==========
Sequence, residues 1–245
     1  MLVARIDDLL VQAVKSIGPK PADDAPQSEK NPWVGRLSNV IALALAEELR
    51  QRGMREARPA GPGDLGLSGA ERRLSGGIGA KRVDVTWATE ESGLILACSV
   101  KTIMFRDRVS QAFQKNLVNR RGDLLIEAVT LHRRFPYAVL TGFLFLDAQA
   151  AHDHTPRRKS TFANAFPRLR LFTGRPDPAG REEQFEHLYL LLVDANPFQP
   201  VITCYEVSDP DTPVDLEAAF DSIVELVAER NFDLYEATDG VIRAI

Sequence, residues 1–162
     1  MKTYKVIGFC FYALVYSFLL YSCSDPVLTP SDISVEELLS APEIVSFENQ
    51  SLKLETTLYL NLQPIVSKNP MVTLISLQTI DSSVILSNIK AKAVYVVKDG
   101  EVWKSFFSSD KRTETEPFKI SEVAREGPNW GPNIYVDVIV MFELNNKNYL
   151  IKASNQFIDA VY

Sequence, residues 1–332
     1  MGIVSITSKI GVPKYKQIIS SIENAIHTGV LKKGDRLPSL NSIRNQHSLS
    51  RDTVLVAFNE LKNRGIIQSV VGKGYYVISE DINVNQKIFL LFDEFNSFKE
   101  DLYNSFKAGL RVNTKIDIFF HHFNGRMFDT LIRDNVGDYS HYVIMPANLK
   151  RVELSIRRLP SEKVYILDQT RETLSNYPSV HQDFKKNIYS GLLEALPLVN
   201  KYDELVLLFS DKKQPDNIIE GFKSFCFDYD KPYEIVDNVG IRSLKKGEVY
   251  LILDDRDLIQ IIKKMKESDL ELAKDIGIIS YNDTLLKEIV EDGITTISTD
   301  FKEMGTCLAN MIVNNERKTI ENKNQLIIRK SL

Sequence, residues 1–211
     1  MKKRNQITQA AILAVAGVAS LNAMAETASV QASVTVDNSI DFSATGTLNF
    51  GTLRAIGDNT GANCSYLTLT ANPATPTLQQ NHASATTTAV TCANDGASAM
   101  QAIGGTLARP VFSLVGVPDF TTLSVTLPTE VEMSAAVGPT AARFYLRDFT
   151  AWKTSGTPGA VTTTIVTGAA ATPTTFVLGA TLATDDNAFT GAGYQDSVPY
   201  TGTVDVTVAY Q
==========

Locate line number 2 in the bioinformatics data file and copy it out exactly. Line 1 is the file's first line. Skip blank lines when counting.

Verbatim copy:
     1  MLVARIDDLL VQAVKSIGPK PADDAPQSEK NPWVGRLSNV IALALAEELR